International Aerospace Discussion

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Ravishankar
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Re: International Aerospace Discussion

Postby Ravishankar » 17 Sep 2009 12:01

U.S. to Shelve Nuclear-Missile Shield

Defense Plans for Poland, Czech Republic to Be Dropped as Iran Rocket Threat Downgraded; Moscow Likely to Welcome Move

http://online.wsj.com/article/SB125314575889817971.html

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Re: International Aerospace Discussion

Postby Neshant » 17 Sep 2009 14:16

Poland got screwed from the looks of it. They were banking on lots of $$$ and good will from the US for hosting the missile shield.

Instead all they accomplished was destroying their relations with Russia chasing after pie in the sky.

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Re: International Aerospace Discussion

Postby Austin » 17 Sep 2009 15:28

Great News

Russia welcomes U.S. move to scrap missile plans for Europe

MOSCOW, September 17 (RIA Novosti) - Russia welcomes reports of a U.S. decision to abandon its missile defense plans for Central Europe, and is waiting for official confirmation on the issue, the Foreign Ministry said on Thursday.

"We are waiting for the reports to be confirmed. Such a development would be in line with the interests of our relations with the United States," a ministry press officer told RIA Novosti.

Russia's Vesti news channel cited Czech media earlier on Thursday as saying that President Barack Obama told Czech Premier Jan Fischer on the telephone late last night that Washington is abandoning the Bush administration's plans for an anti-missile radar in the country.

Czech officials confirmed the telephone conversation, the reports said. Prague is expected to issue a statement on the matter later on Thursday.

Also on Thursday, The Wall Street Journal cited sources close to the issue as saying the U.S. government will shelve plans for the radar on Czech soil, as well as an interceptor missile base in Poland. The planned anti-missile system has been fiercely opposed by Moscow.

The Czech news agency CTK said a U.S. delegation led by Ellen Tauscher, under secretary of state for arms control and international security, will arrive in Prague for talks later today. The diplomat's visit to Prague follows a trip to Warsaw.

The WSJ said the U.S. decision to scrap the plans are based on an assessment that Iran's long-range missile program has not progressed as rapidly as previously estimated, reducing the threat to the U.S. and Europe's major cities.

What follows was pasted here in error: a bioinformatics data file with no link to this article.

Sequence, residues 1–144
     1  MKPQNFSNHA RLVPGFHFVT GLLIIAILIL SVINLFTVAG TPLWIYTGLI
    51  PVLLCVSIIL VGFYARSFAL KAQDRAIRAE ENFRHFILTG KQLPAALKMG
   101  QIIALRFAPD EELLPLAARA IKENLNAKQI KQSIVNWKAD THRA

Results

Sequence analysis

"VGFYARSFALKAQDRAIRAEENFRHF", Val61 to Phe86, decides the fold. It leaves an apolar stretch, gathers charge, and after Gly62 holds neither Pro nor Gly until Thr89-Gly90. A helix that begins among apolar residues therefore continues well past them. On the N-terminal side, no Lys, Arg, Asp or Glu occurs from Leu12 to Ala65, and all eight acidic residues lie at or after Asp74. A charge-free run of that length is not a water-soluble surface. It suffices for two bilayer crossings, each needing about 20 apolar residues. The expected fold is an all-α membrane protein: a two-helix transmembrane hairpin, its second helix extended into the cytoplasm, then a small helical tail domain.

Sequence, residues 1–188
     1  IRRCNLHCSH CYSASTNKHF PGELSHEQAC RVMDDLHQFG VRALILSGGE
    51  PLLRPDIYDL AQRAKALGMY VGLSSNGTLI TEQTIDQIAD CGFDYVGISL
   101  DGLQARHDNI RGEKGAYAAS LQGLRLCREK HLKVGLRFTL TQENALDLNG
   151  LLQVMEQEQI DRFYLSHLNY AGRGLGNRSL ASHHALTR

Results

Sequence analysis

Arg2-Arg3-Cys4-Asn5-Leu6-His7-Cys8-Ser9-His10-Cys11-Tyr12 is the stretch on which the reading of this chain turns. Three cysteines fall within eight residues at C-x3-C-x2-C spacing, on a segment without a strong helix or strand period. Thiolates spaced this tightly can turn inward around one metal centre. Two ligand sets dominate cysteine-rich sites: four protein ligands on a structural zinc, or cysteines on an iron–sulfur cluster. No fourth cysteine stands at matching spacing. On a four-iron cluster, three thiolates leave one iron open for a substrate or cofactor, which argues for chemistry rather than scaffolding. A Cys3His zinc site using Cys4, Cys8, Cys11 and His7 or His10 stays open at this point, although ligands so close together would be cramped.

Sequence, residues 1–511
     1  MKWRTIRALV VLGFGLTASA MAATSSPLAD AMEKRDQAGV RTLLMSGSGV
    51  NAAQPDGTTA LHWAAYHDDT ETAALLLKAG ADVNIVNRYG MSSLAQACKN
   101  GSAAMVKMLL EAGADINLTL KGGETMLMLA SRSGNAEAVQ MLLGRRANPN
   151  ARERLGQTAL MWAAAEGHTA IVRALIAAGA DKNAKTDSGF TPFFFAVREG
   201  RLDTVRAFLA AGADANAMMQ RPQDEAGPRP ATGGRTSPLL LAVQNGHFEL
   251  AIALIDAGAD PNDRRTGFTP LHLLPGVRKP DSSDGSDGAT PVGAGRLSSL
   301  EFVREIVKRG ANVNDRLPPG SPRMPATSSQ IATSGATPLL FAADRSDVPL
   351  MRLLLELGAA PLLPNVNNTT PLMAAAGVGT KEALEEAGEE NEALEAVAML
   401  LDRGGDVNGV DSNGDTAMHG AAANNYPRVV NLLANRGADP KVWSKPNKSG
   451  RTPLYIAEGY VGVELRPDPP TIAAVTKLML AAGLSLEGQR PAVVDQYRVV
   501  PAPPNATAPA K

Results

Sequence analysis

Moscow views the planned anti-missile system as a national security threat, upsetting the strategic balance of forces.

The paper cited current and former U.S. officials as saying that the administration is expected to leave open the option of restarting the Polish and Czech system if Iran makes advances in its long-range missiles in the future.

The decision, a major reversal from the line aggressively pursued by the George W. Bush administration, is seen by many critics as a gesture to win Russian cooperation with U.S.-led efforts to impose new sanctions on Iran if it does not abandon its nuclear program, the paper said.

The move is also likely to raise concerns in Europe, where officials have been alarmed by the White House's effort to "reset" ties with Moscow, the WSJ said.

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Re: International Aerospace Discussion

Postby Sanjay M » 18 Sep 2009 05:09

Hahaha, the Atlanticists are certainly in a vulnerable phase of transition right now.

Brzezinski has been against the missile shield since day one, because it would renew military tensions in Europe. As you know, the Brzezinski types absolutely don't want any confrontation with Moscow to be played out in the vicinity of their East European motherlands, which history shows have been trampled upon during the many conflicts among larger European powers. Instead, they prefer to gradually bleed the Russians from their hindquarters by cultivating Taliban and Chinese as proxies to hit the Russians in their underbelly and their rear.

So to me it looks like Obama is slowly but surely turning policy away from the Bush era, and more towards the designs of the Atlanticists. This means the new whitehouse will try to push for a softer line against the Taliban, as well as the Chinese.